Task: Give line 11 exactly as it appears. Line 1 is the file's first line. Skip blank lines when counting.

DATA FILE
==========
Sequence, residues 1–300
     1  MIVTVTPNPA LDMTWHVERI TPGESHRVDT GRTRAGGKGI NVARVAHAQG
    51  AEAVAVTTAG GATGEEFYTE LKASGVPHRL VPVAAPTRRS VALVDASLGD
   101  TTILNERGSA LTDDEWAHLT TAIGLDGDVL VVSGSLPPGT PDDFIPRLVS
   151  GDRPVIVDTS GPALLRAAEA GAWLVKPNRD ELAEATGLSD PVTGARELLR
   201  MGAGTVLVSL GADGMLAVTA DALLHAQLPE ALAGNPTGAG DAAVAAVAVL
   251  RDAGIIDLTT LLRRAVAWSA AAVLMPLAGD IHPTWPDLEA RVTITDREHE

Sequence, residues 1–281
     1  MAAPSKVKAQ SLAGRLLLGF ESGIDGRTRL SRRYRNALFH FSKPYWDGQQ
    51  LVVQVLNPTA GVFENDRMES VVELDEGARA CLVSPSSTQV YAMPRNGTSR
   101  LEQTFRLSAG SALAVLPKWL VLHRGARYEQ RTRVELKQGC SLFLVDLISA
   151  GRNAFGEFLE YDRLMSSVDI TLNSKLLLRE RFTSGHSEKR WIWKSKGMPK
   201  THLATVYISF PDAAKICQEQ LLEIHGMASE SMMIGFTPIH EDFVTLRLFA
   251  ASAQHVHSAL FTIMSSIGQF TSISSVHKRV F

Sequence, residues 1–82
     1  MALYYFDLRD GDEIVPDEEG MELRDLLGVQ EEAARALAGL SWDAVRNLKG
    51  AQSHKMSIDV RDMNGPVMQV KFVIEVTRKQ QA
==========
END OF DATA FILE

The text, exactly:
   101  LEQTFRLSAG SALAVLPKWL VLHRGARYEQ RTRVELKQGC SLFLVDLISA